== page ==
The Supreme Court is part of the judicial branch, one of the three branches of the U.S. government. The Supreme Court was established by the U.S. Constitution, which gave it jurisdiction over all federal laws. Read these 15 facts about the nation’s top court.
The year the Judiciary Act was passed, creating the Supreme Court as a tribunal with six justices who serve until death or retirement.
The year of the U.S. Supreme Court’s first session, in New York City.
The number of justices on the first Supreme Court, in 1790.
The year Congress set the number of justices at nine.
The number of justices who have served on the Supreme Court since 1790.
The number of chief justices of the United States since 1790.
The average number of years served by a Supreme Court justice — although justices can serve for life.
The number of years served by the longest-tenured Supreme Court justice: William O. Douglas, who served from 1939 to 1975.
The average number of cases petitioned to the Supreme Court each year, from 2012 to 2019. These cases have already been decided by a lower court, and one of the parties is asking for the ruling to be reviewed and overturned.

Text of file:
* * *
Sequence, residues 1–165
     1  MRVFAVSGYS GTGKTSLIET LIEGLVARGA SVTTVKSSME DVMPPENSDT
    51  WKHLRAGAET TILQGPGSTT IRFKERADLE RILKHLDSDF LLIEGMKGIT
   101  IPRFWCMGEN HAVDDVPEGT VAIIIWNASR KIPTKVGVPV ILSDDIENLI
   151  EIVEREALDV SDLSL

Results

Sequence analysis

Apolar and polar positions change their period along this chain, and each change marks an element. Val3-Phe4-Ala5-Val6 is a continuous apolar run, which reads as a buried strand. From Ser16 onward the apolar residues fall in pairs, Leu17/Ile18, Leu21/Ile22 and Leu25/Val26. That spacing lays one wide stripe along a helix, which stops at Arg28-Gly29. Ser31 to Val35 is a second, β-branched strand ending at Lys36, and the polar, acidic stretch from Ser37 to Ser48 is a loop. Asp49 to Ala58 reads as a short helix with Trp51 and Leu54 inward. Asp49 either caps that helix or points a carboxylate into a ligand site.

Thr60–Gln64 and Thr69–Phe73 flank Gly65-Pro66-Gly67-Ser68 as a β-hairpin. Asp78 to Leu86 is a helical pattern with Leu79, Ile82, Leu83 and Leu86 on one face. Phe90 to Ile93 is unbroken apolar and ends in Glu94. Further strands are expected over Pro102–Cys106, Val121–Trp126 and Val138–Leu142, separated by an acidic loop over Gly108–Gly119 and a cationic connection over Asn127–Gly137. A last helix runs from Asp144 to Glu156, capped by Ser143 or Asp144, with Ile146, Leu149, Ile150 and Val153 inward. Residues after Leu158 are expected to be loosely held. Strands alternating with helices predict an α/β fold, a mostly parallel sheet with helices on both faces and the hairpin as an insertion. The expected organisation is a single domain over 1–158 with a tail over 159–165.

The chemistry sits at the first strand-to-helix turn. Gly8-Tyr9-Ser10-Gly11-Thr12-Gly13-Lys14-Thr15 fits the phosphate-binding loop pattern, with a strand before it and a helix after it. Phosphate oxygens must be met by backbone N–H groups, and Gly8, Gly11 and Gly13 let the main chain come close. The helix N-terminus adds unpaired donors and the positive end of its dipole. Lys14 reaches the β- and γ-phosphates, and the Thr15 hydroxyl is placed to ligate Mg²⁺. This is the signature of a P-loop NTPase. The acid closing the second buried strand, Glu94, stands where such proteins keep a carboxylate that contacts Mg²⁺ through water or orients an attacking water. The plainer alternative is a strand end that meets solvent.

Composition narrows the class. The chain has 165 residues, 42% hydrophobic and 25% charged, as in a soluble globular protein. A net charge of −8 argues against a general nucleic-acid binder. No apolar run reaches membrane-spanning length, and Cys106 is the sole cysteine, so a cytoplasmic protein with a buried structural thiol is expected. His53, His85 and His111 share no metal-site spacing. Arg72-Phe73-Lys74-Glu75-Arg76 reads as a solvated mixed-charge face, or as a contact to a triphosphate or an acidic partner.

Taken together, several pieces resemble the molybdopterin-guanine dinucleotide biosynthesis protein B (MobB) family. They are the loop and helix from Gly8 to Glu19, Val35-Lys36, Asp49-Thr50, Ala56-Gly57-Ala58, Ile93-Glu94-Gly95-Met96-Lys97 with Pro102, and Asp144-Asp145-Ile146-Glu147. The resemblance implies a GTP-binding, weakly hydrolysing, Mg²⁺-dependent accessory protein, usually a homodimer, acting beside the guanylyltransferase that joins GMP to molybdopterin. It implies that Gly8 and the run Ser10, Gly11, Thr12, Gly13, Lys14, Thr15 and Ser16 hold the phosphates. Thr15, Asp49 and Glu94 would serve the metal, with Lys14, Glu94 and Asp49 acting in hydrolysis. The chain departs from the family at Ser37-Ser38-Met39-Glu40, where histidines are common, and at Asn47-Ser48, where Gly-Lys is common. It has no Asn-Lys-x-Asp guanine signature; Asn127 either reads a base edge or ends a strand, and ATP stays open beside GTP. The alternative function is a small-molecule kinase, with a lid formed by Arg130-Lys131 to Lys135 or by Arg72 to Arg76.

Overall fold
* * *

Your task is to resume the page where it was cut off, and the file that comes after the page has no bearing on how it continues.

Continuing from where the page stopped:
The number of justices who must vote in favor for a petitioned case to be granted review.
The number of petitions that are accepted and heard by the court each year — about 1% of the filed petitions (since 2012).
The number of minutes usually given to each side to argue its case in front of the justices.
The number of federal courts of appeals. They are organized in 12 regional circuits plus a federal circuit under the Supreme Court.
The number of federal district courts with regional jurisdictions that are under the Supreme Court.
The year the cornerstone was laid on today’s Supreme Court building on Capitol Hill. Before the building was constructed, justices met in a number of places, including private homes, taverns, and the basement below the Senate chamber.
Learn more about:
The court’s origin and work (U.S. Supreme Court)
History of the court (The Supreme Court Historical Society)
Supreme Court procedure (Federal Judiciary)
Justices of the Supreme Court (U.S. Supreme Court)
Supreme Court nominations (U.S. Senate)
Landmark cases (Federal Judiciary)
Case and decision statistics (Harvard Law Review)
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Facts about America's founding documents, including the Constitution, the Declaration of Independence, and the Bill of Rights
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